New York

Roe Ethridge

For his recent book Rockaway, NY (2007), Roe Ethridge exploited its namesake place as theme and organizational principle. With customary relish, he slotted images—actually taken in places as far-flung as Mumbai, St. Barts, and Cornwall, England, despite the volume’s doggedly all-American title—of coolly nostalgic boardwalks, surf, and side streets next to a jaunty double vision of Santa Claus, a gamely nautical self-portrait, and an oddly affecting shot of a dead shark. A sort of one-man game of exquisite corpse, the photographs’ interrelations become, literally, more than the sum of their parts in Ethridge’s books and installations alike. But for “Rockaway Redux” at Andrew Kreps, a show of fifteen large-scale C-prints, which built quite explicitly on the earlier project, the process ran the risk of devolution into a foregone game of solitaire. Indeed, in making such an intuitive casting a replicable strategy—i.e., here a studio portrait, there a still life—the question became whether the results would end up reading as too forced or facile. To Ethridge’s credit, even as the show skirted such total redundancy (redux as potential superfluity), it avoided these pitfalls while elevating them to the status of metanarrative.

So in the judicious hang, a picture showing a scrim of netting taken from a baby’s bath, Teddy Bears, 2008, riffed on its neighbor, Cappy (Mug Shot), 2008, an obscenely intimate crop of a clown sporting a bulbous nose, heart-shaped lips, and ruddy cheeks, all crowned by a maritime hat and set off by a star-spangled ensemble of red turtleneck, blue-and-white-striped shirt, and flag-patterned suspenders. Originally shot for Vice magazine, Cappy, like Jake with Wetsuit, 2008, which was also meant for that publication (it was one of a number of images Ethridge composed for a wintertime surf story), blurred the boundaries between the commercial and, well, the differently commercial. Then came Sunset #3, 2008, a glowing solar orb falling out of frame beneath striations of gold-flecked clouds; Dust Cover (Cyan), 2008, a colored field whose blankness suggests a horizon; Beach Scene (Louis Féraud), 2008, a still life of accumulated stuff—shells, a silk dress, and cigarette butts; Rockaway (Wave), 2008, a solemn vision of a wave breaking before an empty public bench; Oysters, 2005, a close-up of mollusks glistening in their shells; Myla with Column, 2008, a pinup of a model with bobbed raven hair and juicy lips posing nude beside a plaster column prop; and so on.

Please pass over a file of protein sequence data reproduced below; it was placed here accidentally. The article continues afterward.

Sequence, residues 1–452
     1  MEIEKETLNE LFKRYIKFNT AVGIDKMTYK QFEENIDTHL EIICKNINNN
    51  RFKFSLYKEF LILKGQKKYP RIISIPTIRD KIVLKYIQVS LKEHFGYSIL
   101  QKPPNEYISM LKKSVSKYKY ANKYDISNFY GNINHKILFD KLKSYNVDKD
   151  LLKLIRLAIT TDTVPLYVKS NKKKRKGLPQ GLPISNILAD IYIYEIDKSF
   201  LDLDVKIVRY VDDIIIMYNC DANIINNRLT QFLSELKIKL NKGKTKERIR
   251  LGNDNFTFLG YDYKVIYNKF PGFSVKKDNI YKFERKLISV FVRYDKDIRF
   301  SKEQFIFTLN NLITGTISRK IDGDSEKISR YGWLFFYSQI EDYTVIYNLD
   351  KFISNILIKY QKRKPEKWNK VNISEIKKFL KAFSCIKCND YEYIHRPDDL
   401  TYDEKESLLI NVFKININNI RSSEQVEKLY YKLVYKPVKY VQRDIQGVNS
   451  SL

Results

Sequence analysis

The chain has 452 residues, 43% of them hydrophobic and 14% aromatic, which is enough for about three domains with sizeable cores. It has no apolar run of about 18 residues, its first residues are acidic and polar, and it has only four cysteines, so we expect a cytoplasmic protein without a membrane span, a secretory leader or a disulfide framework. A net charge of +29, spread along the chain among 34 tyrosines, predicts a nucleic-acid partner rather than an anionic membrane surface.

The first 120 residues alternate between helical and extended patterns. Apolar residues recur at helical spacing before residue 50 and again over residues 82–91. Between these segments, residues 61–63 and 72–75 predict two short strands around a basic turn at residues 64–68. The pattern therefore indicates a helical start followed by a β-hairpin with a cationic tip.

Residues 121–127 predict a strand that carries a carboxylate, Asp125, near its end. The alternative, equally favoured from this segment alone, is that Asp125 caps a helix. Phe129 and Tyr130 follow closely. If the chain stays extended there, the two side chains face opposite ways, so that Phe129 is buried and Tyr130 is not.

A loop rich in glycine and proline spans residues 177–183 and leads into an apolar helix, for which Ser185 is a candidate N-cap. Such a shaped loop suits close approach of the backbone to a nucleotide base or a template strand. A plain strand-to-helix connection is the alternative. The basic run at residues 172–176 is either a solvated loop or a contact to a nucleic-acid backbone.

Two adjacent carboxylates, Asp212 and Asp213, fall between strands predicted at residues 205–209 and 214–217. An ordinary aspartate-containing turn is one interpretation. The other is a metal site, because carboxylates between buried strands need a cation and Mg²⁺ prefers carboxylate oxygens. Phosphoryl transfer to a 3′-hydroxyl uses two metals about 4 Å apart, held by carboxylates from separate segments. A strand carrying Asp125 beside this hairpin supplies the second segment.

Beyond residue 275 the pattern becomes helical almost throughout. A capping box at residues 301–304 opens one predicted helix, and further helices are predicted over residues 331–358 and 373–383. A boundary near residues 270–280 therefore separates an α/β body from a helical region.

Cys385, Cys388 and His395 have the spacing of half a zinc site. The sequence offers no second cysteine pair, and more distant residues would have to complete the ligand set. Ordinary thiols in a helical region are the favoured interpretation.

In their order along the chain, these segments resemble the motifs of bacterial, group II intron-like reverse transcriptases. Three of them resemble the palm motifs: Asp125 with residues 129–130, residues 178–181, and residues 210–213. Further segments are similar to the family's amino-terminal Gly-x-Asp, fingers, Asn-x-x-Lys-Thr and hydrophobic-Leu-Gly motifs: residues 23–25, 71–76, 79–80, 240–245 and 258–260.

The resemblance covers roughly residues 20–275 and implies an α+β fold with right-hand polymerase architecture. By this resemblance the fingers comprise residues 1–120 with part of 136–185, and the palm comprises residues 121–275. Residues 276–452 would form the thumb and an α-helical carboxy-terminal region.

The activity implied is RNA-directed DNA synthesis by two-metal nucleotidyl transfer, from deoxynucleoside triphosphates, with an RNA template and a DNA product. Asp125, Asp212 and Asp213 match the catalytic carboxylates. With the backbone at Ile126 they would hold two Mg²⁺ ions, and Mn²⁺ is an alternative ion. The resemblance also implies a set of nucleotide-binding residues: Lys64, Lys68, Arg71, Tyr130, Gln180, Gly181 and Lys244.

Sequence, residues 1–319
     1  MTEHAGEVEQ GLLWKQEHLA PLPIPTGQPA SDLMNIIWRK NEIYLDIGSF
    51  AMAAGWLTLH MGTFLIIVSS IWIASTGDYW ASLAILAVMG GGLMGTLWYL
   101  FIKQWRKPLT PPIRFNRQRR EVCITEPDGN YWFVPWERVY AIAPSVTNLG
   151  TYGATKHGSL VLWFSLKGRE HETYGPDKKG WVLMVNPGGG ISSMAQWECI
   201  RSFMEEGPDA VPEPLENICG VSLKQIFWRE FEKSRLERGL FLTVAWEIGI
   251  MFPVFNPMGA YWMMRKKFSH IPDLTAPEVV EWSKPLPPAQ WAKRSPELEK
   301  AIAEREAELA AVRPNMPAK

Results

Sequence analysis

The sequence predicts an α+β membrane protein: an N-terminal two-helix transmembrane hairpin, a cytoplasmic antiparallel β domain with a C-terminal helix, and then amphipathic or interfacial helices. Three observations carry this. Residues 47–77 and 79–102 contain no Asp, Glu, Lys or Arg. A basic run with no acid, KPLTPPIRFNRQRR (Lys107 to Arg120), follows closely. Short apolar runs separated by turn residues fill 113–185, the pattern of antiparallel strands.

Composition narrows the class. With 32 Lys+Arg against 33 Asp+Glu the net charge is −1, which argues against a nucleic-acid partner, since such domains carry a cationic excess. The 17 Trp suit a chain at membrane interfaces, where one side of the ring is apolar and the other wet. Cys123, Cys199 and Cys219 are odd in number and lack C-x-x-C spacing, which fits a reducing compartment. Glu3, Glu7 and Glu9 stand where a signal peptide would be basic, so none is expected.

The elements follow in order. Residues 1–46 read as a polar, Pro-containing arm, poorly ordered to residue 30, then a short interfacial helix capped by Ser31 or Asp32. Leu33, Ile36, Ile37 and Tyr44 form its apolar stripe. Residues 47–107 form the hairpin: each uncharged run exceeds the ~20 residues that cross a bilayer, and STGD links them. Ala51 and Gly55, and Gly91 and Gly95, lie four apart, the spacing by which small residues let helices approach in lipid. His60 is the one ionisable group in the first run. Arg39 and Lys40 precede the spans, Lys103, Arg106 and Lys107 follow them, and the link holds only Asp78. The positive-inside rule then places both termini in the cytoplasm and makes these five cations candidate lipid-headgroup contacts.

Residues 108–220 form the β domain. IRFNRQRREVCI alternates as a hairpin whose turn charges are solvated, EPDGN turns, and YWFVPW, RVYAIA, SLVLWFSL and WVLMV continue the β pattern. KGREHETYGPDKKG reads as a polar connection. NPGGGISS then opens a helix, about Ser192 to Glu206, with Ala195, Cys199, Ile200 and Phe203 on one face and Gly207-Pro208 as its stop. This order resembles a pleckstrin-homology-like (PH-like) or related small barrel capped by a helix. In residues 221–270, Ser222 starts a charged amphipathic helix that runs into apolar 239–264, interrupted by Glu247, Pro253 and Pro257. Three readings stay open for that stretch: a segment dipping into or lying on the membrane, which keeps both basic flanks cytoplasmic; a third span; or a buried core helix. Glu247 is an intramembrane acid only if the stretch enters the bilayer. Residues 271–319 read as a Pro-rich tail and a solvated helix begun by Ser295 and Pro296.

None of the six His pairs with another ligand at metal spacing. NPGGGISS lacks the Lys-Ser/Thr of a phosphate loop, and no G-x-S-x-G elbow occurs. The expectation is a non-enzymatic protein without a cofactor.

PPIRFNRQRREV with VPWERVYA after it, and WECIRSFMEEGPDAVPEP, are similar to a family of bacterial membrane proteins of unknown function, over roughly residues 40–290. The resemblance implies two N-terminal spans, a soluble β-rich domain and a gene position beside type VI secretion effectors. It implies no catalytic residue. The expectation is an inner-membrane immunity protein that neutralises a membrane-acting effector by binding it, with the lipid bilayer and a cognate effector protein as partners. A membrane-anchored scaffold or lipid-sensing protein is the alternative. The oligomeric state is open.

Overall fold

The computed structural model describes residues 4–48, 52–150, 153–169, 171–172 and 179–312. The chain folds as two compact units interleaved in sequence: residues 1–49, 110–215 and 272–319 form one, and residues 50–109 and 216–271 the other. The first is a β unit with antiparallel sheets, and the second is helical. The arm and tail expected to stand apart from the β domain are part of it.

Regarding Ethridge’s project and the networks it discloses, Kate Bush wrote in these pages: “As technically adept as a commercial photographer yet as thoughtful as a Conceptualist about photography’s role and meaning in the modern world, Ethridge believes the ubiquity of the photograph and the instantaneity of its transmission and reception in this age of increasing ‘ecstatic communication’ is to be embraced rather than mourned.” Seeming to take up another kind of proposition for transparency, Ethridge made this show’s press release a kind of “Dear Diary” letter that detailed his sources and their circumstances of production as well as his thoughts about the Rockaways—namely that the region is personal (he lives there), but also that it is somehow, for him and ostensibly the rest of us, too, a harbinger of an end that photography can neither compensate for nor ultimately arrest: “After I saw those images of projected sea levels with a big chunk of long island and NYC under water,” Ethridge writes, “I started thinking of Rockaway as a place that would disappear. For me it is becoming relic.”

Suzanne Hudson